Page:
Academic Law Library Director Status Since The Great Recession: Strengthened, Maintained, Or Degraded?, Elizabeth G. Adelman, Karen L. Shephard, Richard J. Patti, Robert M. Adelman Jan 2020

Academic Law Library Director Status Since The Great Recession: Strengthened, Maintained, Or Degraded?, Elizabeth G. Adelman, Karen L. Shephard, Richard J. Patti, Robert M. Adelman

Journal Articles

The status of the academic law library director is central to the educational mission of the law library. We collected data from 2006 to 2016 showing a 25 percent decrease in tenure-track directorships. We also found one in four changes in directorships since 2013 resulted in the new director having a degraded status compared to her predecessor.


Presidential Whim, Matthew J. Steilen Jan 2020

Presidential Whim, Matthew J. Steilen

Journal Articles

This article describes a new body of legal literature on the presidency. In contrast to older bodies of writing, which emphasize presidential independence, this body of writing emphasizes the dependence of the executive power, and a set of moral values associated with the office: faith, faithfulness, responsibility, honesty, due care, and professionalism, among others. The article considers prospects for enforcing this vision of the presidency in light of the particular problems posed by the Trump presidency. Many writers have complained of President Trump's leadership style, which is abrupt, reflexive, dissembling, and unilateral. I refer to this as the problem of …


The Invisible Prison: Pathways And Prevention, Margaret Brinig, Marsha Garrison Jan 2020

The Invisible Prison: Pathways And Prevention, Margaret Brinig, Marsha Garrison

Journal Articles

In this paper, we propose a new strategy for curbing crime and delinquency and demonstrate the inadequacy of current reform efforts. Our analysis relies on our own, original research involving a large, multi-generational sample of unmarried fathers from a rust-belt region of the United States as well as the conclusions of earlier researchers.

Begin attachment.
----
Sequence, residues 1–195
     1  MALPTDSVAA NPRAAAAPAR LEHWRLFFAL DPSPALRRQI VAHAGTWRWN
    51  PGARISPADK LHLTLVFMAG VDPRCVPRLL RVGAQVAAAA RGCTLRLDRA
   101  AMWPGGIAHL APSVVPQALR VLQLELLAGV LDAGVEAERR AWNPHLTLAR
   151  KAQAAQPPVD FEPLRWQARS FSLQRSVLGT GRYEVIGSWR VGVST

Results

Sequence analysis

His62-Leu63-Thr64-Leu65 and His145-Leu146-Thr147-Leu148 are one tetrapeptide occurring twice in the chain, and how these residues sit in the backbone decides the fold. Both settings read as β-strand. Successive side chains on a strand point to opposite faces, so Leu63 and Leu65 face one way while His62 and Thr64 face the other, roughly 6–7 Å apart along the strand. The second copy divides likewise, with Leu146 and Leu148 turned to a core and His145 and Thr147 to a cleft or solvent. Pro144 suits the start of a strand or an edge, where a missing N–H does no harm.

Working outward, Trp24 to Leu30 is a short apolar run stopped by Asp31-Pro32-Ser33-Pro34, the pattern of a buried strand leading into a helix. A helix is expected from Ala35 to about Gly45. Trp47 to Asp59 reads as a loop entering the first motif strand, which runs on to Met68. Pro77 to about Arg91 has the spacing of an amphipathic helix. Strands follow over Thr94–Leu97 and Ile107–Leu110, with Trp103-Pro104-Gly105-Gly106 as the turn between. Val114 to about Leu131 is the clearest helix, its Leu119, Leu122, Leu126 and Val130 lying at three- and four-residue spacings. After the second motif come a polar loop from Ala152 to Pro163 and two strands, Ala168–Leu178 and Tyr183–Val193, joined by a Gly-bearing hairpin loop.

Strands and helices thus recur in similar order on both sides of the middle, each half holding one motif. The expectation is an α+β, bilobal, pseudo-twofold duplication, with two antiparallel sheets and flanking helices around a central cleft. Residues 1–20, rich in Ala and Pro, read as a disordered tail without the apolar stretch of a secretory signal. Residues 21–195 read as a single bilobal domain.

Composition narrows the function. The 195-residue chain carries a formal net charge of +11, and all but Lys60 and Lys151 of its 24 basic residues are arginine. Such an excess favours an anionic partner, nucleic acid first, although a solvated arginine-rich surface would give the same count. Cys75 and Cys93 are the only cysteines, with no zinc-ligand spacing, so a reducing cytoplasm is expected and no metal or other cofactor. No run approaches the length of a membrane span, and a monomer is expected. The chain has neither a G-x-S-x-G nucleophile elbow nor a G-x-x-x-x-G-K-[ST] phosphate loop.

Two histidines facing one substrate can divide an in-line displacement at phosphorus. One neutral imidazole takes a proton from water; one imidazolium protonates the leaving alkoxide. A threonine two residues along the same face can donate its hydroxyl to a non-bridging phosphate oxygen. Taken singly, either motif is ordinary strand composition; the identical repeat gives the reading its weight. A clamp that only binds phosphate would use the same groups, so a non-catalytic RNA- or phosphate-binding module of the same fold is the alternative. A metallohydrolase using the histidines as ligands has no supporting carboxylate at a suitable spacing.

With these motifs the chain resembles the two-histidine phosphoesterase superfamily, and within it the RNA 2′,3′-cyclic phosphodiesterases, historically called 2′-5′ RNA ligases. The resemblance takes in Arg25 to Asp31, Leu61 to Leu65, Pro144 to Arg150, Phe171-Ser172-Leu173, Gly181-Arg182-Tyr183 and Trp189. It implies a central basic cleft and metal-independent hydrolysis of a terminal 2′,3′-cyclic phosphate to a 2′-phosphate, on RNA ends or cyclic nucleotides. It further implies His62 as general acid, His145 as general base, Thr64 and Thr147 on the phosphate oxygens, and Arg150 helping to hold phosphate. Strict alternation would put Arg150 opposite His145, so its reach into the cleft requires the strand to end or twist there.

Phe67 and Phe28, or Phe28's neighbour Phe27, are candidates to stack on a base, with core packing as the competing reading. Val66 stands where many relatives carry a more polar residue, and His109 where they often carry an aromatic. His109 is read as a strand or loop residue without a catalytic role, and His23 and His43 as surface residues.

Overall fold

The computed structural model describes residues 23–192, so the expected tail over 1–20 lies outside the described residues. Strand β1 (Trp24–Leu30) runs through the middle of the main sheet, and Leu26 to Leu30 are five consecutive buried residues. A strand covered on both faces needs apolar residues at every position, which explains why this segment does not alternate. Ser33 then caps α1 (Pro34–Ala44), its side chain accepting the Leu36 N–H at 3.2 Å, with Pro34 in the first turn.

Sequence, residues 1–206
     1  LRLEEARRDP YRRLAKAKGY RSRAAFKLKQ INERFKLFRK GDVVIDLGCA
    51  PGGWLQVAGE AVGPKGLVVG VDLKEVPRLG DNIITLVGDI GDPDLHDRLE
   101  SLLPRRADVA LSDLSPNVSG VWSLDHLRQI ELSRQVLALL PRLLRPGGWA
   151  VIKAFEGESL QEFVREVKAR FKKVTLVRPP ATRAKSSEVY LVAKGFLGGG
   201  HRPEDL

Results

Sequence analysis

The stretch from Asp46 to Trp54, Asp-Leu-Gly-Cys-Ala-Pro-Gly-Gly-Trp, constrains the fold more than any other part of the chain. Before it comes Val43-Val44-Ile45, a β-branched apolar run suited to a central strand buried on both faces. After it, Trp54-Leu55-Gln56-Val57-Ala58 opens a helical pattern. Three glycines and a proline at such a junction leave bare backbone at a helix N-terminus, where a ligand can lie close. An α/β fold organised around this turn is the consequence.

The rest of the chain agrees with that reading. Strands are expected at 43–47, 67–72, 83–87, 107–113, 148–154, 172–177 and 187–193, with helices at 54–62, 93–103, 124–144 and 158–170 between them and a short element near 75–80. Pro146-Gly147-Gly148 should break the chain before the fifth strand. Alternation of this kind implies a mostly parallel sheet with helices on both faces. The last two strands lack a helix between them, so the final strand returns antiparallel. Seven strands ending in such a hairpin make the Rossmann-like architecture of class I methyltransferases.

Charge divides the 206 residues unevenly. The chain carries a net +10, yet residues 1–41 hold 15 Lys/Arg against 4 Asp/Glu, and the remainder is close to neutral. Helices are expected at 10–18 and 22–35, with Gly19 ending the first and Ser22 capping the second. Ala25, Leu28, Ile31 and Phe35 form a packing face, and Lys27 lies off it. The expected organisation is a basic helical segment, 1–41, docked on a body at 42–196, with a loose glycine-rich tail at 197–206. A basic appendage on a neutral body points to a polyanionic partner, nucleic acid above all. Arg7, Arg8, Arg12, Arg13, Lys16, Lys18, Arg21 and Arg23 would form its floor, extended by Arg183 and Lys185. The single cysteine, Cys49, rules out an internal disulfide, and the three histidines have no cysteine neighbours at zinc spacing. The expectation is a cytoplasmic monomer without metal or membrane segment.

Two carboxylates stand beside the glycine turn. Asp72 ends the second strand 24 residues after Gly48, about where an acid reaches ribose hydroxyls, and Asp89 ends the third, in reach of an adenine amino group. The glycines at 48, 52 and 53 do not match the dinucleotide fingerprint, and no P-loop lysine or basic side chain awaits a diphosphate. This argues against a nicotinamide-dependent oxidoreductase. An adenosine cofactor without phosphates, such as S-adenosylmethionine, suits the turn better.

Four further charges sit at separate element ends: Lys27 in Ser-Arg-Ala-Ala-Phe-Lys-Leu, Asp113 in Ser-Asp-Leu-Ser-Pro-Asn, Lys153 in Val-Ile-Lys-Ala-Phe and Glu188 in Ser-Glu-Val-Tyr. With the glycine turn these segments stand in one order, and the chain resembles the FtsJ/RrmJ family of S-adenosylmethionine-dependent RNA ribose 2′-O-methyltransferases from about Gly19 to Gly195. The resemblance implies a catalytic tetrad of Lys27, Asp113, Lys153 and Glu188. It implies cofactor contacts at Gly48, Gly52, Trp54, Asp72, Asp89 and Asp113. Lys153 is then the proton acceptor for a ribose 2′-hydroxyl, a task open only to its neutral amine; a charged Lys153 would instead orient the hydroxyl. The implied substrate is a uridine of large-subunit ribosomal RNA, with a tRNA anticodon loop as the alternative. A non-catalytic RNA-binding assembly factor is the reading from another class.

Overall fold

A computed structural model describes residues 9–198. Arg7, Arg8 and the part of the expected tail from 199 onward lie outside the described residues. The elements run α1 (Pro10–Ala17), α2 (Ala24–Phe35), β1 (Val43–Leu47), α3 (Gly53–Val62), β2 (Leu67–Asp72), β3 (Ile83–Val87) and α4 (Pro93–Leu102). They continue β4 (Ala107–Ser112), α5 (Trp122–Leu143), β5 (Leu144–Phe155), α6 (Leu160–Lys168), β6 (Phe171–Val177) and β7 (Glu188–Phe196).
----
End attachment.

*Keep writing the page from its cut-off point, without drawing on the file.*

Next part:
Our own research data are unusual in that they are holistic and multigenerational: The Court-based record system we utilized for data collection provided detailed information on child maltreatment, juvenile status and delinquency charges, child support, parenting time, orders of protection, and residential mobility for focal children (the …


The Judicial Reforms Of 1937, Barry Cushman Jan 2020

The Judicial Reforms Of 1937, Barry Cushman

Journal Articles

The literature on reform of the federal courts in 1937 understandably focuses on the history and consequences of President Franklin D. Roosevelt’s ill-fated proposal to increase the membership of the Supreme Court. A series of decisions declaring various components of the New Deal unconstitutional had persuaded Roosevelt and some of his advisors that the best way out of the impasse was to enlarge the number of justiceships and to appoint to the new positions jurists who would be “dependable” supporters of the Administration’s program. Yet Roosevelt and congressional Democrats also were deeply troubled by what they perceived as judicial obstruction …


Reckoning With Adjudication's Exceptionalism Norm, Emily S. Bremer Jan 2020

Reckoning With Adjudication's Exceptionalism Norm, Emily S. Bremer

Journal Articles

Unlike rulemaking and judicial review, administrative adjudication is governed by a norm of exceptionalism. Agencies rarely adjudicate according to the Administrative Procedure Act’s formal adjudication provisions, and the statute has little role in defining informal adjudication or specifying its minimum procedural requirements. Due process has almost nothing to say about the matter.

The result is that there are few uniform, cross-cutting procedural requirements in adjudication, and most hearings are conducted using procedures tailored for individual agencies or programs. This Article explores the benefits and costs of adjudication’s exceptionalism norm, an analysis that implicates the familiar tension between uniformity and specialization …


Neoclassical Administrative Law, Jeffrey Pojanowski Jan 2020

Neoclassical Administrative Law, Jeffrey Pojanowski

Journal Articles